When you visit someone else’s property, you assume it will be up to code, and that there will be no hidden dangers. If you are injured in a Jacksonville slip and fall accident as a business invitee, you may be able to bring a premises liability lawsuit to recover damages. In some cases, property owners raise the defense that the danger was not hidden, but “open and obvious.” In a recent premises liability case in Florida, one of the plaintiffs fell and was hurt while visiting the defendant’s housing development. She was leaving a model home for the first time and didn’t see the step down from a raised front porch onto the walkway.
The plaintiffs claimed the defendant had created a dangerous condition because the same brick pavers covered both the porch and walkway so that they blended into each other. The plaintiffs argued that this breached the duty to warn and the duty to keep the premises reasonably safe. Before trial, she testified she was looking ahead when she left the house, but it seemed like a single level.
The defendant made a motion for summary judgment. It argued that no competent evidence had been submitted regarding the dangerous condition serving as optical illusion. It submitted a verified expert report whose opinion was that the way the step was configured wasn’t an unusual design. The landing was up to code.
The plaintiffs submitted two expert affidavits from a licensed Florida building inspector. The expert stated that the failure to provide a landing suitable with the Florida Building Code had hidden the step’s existence. The expert’s opinion was that the walkway would have needed to be removed when the complex was changed to a single family occupancy.
The court granted summary judgment for the defendant, finding that the danger was an open and obvious condition that wasn’t inherently hazardous. It also found the code violation didn’t contribute to the fall.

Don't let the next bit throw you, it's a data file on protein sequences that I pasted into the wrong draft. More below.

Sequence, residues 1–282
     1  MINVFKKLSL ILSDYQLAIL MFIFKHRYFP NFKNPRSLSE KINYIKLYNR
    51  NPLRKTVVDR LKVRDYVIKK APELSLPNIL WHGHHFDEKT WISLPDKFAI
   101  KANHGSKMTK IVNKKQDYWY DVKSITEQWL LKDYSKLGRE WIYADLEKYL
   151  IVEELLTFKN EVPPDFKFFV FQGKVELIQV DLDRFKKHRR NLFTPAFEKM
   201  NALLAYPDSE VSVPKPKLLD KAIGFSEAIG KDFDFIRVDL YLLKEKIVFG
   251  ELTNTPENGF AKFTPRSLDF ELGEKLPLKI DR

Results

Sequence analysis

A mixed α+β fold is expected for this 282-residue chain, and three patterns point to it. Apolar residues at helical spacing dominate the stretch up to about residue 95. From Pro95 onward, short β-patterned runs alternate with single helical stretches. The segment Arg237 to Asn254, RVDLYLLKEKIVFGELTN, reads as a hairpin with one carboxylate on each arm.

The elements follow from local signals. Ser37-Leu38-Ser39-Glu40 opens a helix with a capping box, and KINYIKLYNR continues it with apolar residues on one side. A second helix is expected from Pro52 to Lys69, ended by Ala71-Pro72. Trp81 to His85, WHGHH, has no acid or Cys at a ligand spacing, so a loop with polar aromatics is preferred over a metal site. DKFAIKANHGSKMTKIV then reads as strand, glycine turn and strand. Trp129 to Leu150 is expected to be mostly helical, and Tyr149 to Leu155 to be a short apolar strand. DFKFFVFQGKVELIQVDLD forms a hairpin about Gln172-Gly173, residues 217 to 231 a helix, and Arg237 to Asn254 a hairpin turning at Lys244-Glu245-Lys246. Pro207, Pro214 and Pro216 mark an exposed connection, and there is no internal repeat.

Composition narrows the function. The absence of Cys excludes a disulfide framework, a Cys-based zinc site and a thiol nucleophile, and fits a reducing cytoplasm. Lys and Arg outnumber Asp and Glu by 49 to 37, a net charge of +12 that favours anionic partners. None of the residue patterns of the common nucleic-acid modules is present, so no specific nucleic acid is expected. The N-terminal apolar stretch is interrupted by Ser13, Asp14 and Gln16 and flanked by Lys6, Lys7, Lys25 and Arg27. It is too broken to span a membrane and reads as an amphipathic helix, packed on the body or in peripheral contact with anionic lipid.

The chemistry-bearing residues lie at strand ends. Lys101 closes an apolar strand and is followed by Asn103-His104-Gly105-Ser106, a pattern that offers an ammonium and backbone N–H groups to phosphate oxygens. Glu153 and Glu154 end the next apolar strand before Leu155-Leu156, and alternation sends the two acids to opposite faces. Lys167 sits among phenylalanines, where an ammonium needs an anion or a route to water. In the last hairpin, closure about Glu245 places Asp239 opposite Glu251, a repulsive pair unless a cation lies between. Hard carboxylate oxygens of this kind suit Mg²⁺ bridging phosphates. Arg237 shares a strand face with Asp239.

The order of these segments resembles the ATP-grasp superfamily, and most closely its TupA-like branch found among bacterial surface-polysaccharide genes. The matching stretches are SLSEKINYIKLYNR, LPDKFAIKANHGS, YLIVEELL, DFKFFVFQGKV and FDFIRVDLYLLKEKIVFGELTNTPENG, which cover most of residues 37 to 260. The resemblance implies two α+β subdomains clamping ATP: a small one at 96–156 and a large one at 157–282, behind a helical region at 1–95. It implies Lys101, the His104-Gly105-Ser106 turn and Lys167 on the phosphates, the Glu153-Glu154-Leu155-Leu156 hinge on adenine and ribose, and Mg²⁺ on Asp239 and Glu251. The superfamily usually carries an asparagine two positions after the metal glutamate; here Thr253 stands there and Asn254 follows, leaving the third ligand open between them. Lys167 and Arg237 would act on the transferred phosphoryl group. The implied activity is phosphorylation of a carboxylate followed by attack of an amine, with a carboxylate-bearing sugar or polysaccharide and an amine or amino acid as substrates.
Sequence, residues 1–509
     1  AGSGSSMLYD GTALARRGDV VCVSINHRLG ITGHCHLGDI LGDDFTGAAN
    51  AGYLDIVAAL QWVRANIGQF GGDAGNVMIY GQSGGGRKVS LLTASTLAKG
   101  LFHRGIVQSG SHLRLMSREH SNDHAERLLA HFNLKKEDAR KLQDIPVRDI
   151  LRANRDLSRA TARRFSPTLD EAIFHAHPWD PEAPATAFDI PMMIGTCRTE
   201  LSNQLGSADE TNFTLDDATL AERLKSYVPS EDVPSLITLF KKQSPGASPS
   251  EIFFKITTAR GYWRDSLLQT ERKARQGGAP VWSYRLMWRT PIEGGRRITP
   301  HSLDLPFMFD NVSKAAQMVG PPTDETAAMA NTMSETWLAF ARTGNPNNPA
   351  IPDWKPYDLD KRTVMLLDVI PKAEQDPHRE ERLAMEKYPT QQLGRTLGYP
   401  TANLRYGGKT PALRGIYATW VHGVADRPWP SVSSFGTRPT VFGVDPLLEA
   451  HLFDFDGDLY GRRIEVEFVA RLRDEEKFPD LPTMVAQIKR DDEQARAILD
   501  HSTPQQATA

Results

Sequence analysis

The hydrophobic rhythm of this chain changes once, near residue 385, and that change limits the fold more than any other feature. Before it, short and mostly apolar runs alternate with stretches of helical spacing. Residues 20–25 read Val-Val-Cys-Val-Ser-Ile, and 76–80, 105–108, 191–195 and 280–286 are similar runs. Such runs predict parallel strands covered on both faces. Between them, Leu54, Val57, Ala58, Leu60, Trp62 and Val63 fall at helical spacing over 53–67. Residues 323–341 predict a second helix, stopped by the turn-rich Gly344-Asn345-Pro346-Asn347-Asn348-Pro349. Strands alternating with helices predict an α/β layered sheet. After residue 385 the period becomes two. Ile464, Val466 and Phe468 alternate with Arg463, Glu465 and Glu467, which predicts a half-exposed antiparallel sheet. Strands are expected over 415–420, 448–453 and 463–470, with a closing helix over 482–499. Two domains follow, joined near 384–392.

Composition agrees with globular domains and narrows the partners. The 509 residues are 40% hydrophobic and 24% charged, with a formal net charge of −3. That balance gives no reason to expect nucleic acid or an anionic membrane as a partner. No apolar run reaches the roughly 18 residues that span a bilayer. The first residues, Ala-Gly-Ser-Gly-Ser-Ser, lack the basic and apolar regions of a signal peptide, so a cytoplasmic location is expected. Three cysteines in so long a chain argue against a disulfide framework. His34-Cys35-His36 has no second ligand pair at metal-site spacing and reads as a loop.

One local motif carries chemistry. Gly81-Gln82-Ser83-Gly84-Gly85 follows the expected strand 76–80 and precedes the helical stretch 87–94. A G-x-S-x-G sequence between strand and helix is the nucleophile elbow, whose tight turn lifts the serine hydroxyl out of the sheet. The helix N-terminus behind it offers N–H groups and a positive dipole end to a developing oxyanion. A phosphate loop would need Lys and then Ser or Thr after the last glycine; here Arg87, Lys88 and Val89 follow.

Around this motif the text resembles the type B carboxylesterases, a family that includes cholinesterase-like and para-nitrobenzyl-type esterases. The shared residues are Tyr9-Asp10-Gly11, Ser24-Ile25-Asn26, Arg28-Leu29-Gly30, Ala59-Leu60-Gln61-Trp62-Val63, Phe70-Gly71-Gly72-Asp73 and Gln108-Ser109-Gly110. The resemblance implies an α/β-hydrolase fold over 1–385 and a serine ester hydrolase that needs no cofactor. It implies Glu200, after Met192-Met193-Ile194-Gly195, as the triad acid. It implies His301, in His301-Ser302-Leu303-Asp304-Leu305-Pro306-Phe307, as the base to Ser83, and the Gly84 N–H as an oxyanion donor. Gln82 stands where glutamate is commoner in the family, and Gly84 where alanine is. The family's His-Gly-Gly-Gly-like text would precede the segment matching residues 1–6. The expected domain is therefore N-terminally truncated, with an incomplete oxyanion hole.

The appellate court explained that two duties are owed to invitees by property owners. First, property owners should warn of hidden dangers about which they know or should know, and the invitee doesn’t and could not find by using due care. Second, property owners should use ordinary care to keep the property in a reasonably safe condition.
Changes in floor levels don’t usually create a dangerous condition. However, when the construction design or mode creates a hidden danger that a reasonable invitee wouldn’t anticipate can change several floor levels into an inherently dangerous condition.
The appellate court concluded there was material factual issue about whether the defendant had generated a concealed danger that a prudent invitee wouldn’t expect through its uncommon mode of construction or design. The lower court, through its trier of fact, would need to figure out whether the walkway complied with the Florida Building Code and whether it hid the step’s location and presence. The appellate court reversed the summary judgment and sent the case back for additional proceedings.
If you were injured as a visitor to someone else’s property in Jacksonville, you should consult experienced slip and fall attorney Kevin Cobbin. Our firm represents people throughout Duval County and the surrounding areas. Call him at (904) 357-8448 or complete our online form.